Is atheism experiencing growing pains with all this in house bickering and accusations of racism and sexism? We have certain individuals who have risen to the forefront of the atheist cause but not without their fair share of criticism. Particularly Mr. Sam Harris and Mr. Richard Dawkins, who have received plenty of backlash from those in the atheist community who find their attitudes & comments racist and sexist. The likes of Greta Christina (Alternet) and Adam Lee (Patheos) have lambasted Harris and Dawkins over their comments towards Muslims and woman in general. But is there arguments and objections well founded? Are they being hyper-sensitive or do they possess substance to their accusations?

What are some of the more important aspects to consider for the ongoing atheist movement in regard to presenting a united atheist front that does not get mired down in finger pointing and disagreement? Is our atheist community too fragmented to ever become a cohesive group? There is strength in numbers but we seem as a secular community to be disjointed, and at times, even at odds with one another. What picture does this project to those members of society who may be on the fence about religion? Or does it even matter?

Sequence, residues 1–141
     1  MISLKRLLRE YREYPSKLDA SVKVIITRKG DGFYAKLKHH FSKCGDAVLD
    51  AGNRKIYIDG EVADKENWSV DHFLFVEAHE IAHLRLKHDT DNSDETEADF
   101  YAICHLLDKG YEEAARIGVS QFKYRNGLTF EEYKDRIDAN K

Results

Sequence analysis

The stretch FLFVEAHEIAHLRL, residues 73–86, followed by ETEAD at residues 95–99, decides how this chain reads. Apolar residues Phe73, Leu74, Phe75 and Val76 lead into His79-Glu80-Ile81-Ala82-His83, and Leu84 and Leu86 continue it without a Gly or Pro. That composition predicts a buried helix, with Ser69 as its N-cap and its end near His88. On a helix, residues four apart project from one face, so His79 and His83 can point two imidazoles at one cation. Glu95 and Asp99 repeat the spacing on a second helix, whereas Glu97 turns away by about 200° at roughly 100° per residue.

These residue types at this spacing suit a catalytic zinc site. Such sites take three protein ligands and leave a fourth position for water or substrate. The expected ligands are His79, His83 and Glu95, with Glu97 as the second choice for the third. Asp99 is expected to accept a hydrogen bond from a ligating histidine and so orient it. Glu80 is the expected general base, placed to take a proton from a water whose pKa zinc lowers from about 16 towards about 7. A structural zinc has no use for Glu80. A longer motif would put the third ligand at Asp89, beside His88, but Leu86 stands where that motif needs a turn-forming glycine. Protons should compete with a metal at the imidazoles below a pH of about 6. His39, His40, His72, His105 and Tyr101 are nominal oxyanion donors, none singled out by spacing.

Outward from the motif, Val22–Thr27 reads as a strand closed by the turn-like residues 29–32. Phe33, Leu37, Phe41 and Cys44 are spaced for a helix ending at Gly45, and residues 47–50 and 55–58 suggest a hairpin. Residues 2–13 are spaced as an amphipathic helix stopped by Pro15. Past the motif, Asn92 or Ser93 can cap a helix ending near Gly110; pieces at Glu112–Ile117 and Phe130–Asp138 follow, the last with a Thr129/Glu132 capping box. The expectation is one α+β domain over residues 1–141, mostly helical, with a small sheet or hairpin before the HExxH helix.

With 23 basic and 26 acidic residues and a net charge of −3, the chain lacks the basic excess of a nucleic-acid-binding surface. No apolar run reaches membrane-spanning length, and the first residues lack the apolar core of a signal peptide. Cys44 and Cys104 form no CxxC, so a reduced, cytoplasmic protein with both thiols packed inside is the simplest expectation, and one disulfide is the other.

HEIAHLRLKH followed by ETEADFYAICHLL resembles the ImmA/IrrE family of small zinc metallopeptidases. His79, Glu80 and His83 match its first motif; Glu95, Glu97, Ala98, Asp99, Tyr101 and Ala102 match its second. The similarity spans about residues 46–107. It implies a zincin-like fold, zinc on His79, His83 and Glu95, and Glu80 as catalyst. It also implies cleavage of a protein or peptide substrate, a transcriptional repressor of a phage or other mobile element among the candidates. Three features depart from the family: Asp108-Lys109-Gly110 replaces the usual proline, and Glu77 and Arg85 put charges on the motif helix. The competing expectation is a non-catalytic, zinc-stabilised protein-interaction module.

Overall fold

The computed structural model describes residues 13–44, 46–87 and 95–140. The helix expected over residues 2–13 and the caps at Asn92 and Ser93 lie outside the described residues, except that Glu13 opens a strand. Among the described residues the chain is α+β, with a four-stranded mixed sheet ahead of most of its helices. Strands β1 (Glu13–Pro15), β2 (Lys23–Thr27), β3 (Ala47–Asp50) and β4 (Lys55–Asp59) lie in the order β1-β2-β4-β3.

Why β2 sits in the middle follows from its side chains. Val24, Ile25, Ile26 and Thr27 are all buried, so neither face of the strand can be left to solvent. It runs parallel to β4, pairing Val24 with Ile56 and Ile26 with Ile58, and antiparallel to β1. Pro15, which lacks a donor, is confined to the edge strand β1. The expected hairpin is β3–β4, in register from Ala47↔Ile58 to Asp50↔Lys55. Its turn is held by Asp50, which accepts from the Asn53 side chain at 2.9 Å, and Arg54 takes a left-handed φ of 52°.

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It may have to depend  upon the amount of religious brain conditioning the person had at school, also living in a religious area. This may help to keep the mind conditioned against heathens or the rest of the population It could also be said that the Atheist way would be more useful, if they had a heaven to go to with all the fun of party time and all the rest of it.

Harris- "I think it may have to do with my person slant as an author, being very critical of bad ideas. This can sound very angry to people..People just don’t like to have their ideas criticized. There’s something about that critical posture that is to some degree instrinsically male and more attractive to guys than to women,” he said. “The atheist variable just has this – it doesn’t obviously have this nurturing, coherence-building extra estrogen vibe that you would want by default if you wanted to attract as many women as men.”

Dawkins -

"Dear Muslima